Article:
action appear beauty behavior better Bonduca C. E. NOTE called Carlyle Centenary Edition character Compensation divine doctrine Emerson English essay eternal experience expression eyes fact fashion feel force friendship genius gentleman give Goethe Greek heart Heroism honor human individual intellect lecture literature live look Lord Lurgan manners Margaret Fuller means ment mind moral Napoleon Napoleon Bonaparte nature ness never noble NOTE 15 NOTE 21 Over-Soul party passage perfect persons philosophy Phocion phrase Plato Plotinus Plutarch poem poet political Ralph Waldo Emerson relations religion Sartor Resartus seems Self-Reliance sense sentiment social society Sophocles soul speak spirit stand thee things Thomas Carlyle thou thought tion to-day truth universal virtue Walt Whitman Walter Savage Landor whilst whole wise word writing Xenophon Zoroaster
Página 269 - And yet, on the other hand, unless wariness be used, as good almost kill a man as kill a good book: who kills a man kills a reasonable creature, God's image; but he who destroys a good book, kills reason itself, kills the image of God, as it were, in the eye.
Página 259 - Year after year beheld the silent toil That spread his lustrous coil; Still, as the spiral grew, He left the past year's dwelling for the new, Stole with soft step its shining archway through, Built up its idle door, Stretched in his last-found home, and knew the old no more.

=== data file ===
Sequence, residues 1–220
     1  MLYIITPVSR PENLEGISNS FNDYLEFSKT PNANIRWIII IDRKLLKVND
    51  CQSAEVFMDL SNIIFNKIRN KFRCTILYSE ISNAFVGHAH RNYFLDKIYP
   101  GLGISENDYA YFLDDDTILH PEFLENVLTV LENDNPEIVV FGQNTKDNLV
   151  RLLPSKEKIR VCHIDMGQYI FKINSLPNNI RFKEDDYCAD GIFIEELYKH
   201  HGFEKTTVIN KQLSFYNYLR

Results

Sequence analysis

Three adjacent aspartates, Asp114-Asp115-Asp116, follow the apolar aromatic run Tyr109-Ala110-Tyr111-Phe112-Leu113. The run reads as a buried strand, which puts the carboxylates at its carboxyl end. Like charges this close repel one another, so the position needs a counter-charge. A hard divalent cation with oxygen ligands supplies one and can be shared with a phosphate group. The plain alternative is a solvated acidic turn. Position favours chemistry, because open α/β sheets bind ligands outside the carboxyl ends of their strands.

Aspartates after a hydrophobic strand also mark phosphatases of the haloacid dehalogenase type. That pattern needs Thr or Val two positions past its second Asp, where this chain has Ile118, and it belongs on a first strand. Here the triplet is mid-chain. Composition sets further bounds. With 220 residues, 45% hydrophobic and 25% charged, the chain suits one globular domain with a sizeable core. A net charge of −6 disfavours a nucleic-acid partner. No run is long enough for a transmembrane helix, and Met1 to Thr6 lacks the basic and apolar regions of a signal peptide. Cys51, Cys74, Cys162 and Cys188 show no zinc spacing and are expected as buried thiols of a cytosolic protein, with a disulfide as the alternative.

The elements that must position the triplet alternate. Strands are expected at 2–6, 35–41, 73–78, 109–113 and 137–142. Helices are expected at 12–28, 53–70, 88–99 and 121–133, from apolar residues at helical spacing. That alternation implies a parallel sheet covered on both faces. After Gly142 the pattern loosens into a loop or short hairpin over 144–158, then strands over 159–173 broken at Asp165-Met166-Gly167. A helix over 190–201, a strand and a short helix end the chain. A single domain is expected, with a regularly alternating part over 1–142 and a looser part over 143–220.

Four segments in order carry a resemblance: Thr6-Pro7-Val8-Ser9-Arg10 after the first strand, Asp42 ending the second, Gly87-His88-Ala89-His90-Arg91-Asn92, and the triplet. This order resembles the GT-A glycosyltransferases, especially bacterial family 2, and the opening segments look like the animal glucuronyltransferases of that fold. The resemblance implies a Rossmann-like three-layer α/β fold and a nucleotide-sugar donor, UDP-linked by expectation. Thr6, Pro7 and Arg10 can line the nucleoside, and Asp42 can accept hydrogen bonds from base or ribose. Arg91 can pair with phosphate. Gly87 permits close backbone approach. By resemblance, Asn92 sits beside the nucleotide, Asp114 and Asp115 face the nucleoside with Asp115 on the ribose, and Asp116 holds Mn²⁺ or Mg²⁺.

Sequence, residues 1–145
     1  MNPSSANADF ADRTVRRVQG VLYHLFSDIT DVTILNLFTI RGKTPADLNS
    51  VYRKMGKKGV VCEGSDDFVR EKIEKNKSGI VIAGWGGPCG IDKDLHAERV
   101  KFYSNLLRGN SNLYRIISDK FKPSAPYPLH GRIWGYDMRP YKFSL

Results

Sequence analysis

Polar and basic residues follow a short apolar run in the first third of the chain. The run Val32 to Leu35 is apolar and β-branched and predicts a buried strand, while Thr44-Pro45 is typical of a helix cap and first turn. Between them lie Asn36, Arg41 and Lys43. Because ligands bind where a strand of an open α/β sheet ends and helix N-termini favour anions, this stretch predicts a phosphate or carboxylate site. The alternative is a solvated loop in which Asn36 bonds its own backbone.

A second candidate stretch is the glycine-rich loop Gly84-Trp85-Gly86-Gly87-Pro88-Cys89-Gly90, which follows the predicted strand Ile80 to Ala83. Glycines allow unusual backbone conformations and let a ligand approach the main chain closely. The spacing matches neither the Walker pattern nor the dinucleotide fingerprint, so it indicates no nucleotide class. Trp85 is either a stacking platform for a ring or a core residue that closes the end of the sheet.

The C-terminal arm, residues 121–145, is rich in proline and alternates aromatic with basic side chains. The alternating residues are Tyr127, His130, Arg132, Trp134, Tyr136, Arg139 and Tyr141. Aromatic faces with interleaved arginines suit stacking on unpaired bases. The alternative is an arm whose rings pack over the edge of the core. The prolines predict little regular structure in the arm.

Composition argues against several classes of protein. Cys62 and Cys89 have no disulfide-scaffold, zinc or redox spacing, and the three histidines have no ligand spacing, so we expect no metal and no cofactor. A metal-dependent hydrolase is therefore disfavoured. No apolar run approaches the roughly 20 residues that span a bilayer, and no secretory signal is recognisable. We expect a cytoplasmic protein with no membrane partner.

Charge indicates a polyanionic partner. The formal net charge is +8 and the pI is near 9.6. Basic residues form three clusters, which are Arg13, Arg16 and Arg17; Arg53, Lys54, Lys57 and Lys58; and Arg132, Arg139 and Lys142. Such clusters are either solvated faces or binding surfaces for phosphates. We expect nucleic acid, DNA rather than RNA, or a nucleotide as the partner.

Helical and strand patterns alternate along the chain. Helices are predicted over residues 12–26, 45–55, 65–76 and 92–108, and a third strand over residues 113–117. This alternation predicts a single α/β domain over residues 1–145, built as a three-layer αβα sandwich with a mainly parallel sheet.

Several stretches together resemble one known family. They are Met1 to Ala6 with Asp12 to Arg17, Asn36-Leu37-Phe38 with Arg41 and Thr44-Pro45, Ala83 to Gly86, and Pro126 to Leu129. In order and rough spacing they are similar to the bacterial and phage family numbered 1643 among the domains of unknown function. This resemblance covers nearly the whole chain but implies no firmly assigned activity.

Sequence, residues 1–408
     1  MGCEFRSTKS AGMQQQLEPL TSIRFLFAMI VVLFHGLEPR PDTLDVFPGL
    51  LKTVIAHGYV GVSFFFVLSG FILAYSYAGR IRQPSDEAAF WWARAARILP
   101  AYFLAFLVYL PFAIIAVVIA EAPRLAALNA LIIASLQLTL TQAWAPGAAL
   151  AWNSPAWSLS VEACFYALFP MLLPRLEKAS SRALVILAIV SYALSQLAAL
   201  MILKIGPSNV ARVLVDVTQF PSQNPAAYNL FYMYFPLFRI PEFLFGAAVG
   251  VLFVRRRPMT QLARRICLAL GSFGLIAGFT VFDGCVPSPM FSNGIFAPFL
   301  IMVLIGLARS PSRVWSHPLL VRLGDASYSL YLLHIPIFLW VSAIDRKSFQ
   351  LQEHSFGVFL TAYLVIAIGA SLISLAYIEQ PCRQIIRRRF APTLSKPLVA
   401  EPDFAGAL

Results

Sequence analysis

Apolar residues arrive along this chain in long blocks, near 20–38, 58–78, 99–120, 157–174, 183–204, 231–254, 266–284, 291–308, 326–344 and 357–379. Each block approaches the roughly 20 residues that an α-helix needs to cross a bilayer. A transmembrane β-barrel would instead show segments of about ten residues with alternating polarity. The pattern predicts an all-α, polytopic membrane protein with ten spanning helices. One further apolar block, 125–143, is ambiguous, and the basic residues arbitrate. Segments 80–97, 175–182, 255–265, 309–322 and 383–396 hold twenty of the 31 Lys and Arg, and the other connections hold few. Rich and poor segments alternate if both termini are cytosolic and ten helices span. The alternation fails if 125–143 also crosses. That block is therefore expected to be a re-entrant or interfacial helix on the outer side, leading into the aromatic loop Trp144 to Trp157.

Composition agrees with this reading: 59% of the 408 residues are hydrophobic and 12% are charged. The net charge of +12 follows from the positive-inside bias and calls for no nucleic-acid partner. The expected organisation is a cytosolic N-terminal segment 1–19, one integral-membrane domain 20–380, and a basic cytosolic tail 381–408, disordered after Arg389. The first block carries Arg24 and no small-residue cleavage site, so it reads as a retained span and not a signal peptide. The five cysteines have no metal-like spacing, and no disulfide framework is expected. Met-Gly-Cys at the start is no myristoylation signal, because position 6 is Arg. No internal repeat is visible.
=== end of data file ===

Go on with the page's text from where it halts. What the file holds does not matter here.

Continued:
Página 88 - Whoso would be a man, must be a nonconformist. He who would gather immortal palms must not be hindered by the name of goodness, but must explore if it be goodness. Nothing is at last sacred but the integrity of your own mind.
Página 280 - A foolish consistency is the hobgoblin of little minds, adored by little statesmen and philosophers and divines. With consistency a great soul has simply nothing to do. He may as well concern himself with his shadow on the wall.
Página 268 - I deny not, but that it is of greatest concernment in the Church and Commonwealth, to have a vigilant eye how books demean themselves as well as men; and thereafter to confine, imprison, and do sharpest justice on them as malefactors.
Página 256 - Great wits are sure to madness near allied; And thin partitions do their bounds divide: Else why should he, with wealth and honour blest, Refuse his age the needful hours of rest?
Página 265 - Me miserable ! which way shall I fly Infinite wrath, and infinite despair? Which way I fly is Hell; myself am Hell; And, in the lowest deep, a lower deep Still threatening to devour me opens wide, To which the Hell I suffer seems a Heaven.
Página 100 - These roses under my window make no reference to former roses or to better ones; they are for what they are; they exist with God today.
Página 89 - ... sacred to me but that of my nature. Good and bad are but names very readily transferable to that or this; the only right is what is after my constitution ; the only wrong what is against it. A man is to carry himself in the presence of all opposition as if every thing were titular and ephemeral but he. I am ashamed to think how easily we Capitulate to badges and names, to large societies and dead institutions.